Before we launch into the pros and cons of digital vs traditional marketing, it is important to note that, although the communication channels and monitoring methods may differ, marketing is marketing regardless of whether it happens online or not. Marketers still have to think up great ways to market your products and services and time and effort has to be invested into turning those ideas into workable plans. Setting up a website and spamming Facebook and Twitter with random facts about your business is not digital marketing.
Traditional Marketing Channels
The most commonly used traditional marketing channels are radio, TV, print ads, direct mailing and trade expos. Traditional marketing channels are pretty much any channels that existed before the internet changed the world and they certainly still have their place. Even though print is going the way of the dinosaur and people are becoming less and less interested in TV and Print ads, there are still plenty of people who can only be reached via traditional methods.
Digital Marketing Channels
Digital marketing channels are used to communicate with people on the internet. Email Marketing, Online Advertising, Affiliate Marketing, Search Engine Optimisation, Pay Per Click, Social Media, Online Reputation Management and Web PR are all marketing tools that are used to reach out to existing and prospective customers.
Digital vs Traditional Marketing
What makes digital marketing different to traditional marketing is its ability to reach customers and obtain nearly instant feedback and results. The ability to gather real-time data on click through, transactions and email opening makes it possible see the direct results of your efforts and calculate your exact ROI. In this digital marketing outshines traditional as data from non digital ad campaigns is collected long after the fact and is not as accurate.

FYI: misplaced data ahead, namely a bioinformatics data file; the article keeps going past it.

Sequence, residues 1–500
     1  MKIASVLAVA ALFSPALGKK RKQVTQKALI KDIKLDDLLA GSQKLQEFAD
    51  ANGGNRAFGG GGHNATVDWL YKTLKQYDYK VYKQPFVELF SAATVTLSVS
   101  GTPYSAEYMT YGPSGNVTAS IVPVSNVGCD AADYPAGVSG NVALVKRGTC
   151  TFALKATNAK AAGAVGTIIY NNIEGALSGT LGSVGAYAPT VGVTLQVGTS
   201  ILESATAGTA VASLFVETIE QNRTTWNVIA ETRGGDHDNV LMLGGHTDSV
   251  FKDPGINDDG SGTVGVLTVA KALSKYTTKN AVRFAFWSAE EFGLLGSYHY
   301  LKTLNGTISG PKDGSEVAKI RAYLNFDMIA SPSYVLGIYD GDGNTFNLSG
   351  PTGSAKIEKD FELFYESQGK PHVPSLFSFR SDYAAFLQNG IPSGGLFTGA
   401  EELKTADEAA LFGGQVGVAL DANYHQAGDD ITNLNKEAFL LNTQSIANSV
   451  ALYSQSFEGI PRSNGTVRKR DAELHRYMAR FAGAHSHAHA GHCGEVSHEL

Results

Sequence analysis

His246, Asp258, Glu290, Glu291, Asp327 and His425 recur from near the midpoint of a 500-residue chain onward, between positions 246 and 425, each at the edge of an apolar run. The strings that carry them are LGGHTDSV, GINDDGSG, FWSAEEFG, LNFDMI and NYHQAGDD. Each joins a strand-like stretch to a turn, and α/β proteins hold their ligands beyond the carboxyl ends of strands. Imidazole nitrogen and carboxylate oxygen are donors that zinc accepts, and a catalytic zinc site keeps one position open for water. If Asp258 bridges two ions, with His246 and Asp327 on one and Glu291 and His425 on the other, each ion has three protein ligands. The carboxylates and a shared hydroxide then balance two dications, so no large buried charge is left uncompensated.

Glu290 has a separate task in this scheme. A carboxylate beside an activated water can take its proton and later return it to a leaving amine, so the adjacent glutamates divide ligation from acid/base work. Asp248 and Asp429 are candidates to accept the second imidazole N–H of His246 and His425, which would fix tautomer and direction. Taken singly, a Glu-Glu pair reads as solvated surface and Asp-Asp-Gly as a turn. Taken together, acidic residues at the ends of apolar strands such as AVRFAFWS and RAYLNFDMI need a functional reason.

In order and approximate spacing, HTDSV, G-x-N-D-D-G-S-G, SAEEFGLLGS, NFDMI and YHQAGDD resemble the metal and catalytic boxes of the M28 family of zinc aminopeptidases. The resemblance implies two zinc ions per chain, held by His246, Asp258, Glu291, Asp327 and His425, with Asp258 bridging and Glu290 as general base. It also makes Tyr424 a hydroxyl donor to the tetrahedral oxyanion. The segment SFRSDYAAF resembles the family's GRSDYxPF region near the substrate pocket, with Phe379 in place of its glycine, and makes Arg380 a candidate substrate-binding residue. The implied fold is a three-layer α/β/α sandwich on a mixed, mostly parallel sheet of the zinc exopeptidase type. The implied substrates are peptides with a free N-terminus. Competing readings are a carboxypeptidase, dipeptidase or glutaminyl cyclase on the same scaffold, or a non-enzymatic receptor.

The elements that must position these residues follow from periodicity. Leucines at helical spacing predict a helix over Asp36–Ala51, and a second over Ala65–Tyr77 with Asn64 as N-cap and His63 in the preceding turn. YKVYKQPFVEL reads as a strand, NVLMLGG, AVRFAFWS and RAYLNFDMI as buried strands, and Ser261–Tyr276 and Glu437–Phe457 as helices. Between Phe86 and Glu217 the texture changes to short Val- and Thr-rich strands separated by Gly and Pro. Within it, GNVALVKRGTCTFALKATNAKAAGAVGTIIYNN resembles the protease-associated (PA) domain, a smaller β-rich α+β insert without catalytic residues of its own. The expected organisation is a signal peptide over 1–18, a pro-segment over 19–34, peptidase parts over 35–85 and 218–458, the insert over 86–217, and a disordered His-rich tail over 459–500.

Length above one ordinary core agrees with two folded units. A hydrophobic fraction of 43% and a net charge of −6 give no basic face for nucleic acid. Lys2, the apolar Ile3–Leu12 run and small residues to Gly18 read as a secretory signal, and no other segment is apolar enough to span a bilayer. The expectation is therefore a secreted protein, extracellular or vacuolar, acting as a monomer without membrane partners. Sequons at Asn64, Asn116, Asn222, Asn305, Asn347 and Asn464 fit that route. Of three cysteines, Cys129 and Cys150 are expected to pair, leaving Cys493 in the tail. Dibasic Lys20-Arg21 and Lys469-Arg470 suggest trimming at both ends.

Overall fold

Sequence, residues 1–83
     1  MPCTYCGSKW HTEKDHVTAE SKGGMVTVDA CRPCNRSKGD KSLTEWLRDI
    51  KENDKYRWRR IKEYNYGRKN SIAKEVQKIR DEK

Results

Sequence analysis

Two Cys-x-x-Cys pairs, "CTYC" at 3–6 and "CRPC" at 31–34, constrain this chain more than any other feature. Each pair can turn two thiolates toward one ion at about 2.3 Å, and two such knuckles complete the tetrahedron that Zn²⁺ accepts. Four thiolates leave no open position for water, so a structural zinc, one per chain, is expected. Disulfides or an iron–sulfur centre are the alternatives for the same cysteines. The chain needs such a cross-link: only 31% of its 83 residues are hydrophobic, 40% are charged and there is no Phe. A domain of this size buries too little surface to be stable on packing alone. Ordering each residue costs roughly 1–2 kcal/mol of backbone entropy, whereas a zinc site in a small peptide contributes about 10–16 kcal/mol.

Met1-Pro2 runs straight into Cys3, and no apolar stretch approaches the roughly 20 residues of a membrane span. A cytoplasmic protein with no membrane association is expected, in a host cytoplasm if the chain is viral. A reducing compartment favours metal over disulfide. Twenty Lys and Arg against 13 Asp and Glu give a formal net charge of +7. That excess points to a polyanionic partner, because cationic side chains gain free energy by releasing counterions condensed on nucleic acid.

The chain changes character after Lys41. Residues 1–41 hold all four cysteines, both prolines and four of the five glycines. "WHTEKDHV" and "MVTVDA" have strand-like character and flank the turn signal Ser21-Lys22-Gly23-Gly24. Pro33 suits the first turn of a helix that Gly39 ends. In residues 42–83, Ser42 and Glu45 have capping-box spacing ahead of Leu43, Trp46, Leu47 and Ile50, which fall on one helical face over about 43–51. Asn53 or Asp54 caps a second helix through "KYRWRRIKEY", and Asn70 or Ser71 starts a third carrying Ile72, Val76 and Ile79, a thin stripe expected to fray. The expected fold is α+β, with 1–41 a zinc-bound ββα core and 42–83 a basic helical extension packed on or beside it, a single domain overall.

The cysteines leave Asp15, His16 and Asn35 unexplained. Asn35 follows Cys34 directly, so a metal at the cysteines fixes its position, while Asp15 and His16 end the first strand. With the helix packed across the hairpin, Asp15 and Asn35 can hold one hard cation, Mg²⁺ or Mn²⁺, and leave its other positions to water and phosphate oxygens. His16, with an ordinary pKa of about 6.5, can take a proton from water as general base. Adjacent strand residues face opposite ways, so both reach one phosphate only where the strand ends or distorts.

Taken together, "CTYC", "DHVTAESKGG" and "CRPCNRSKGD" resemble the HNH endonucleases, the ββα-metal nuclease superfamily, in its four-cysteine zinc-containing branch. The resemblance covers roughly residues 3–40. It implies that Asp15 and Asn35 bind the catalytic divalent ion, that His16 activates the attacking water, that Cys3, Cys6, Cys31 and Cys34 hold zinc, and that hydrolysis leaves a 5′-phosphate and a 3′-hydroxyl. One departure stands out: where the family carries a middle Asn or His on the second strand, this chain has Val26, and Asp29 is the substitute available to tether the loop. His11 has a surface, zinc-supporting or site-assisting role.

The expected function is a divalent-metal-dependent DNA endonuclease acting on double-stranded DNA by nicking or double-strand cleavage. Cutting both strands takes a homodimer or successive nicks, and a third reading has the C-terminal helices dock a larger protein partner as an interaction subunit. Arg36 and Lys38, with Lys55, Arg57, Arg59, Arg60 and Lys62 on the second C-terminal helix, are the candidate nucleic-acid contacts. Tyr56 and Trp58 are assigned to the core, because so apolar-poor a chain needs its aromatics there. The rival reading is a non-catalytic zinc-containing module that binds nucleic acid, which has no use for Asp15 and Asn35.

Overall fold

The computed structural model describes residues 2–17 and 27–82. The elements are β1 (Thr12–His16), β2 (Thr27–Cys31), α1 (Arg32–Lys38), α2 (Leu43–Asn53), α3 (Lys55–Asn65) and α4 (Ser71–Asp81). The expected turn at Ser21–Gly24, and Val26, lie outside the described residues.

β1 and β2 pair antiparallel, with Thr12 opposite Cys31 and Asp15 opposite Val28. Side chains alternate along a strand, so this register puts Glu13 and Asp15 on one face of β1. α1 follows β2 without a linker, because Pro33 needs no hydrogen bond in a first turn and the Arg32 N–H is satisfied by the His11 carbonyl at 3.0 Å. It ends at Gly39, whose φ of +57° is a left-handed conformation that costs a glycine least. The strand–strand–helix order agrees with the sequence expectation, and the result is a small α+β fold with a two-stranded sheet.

Another issue worth noting is that while traditional marketing is able to target customers via geographic locations and through interest groups, digital marketing is able to target individual customers anywhere in the world, learn their shopping habits and interact with them on a personal level. More importantly, having a strong internet presence allows customers to quickly and easily find you. With the use of Search Engine Optimisation (SEO) and well thought out social media campaigns, customers who are in the market for your services or product can be guided to your website and encouraged to become involved with your business.
All in all, I think that while even the smallest business needs to have an online presence, more traditional forms of marketing are still viable options given the right circumstances. Whether online or offline, marketing is about reaching the right market for your product and/or service and a good marketing agency should have the tools available and sense to know which tools to use in any given situation. With the lines between digital and traditional marketing becoming more blurred as TV and radio and many other “old fashioned” forms of communication continue to evolve to meet the demands of their users, the real question should be whether this division should exist all. Instead, should we not judge a marketing agency that doesn’t embrace both digital and traditional marketing practices in the same way that one might judge a tradesman that comes to your house with only half the tools required to do the job.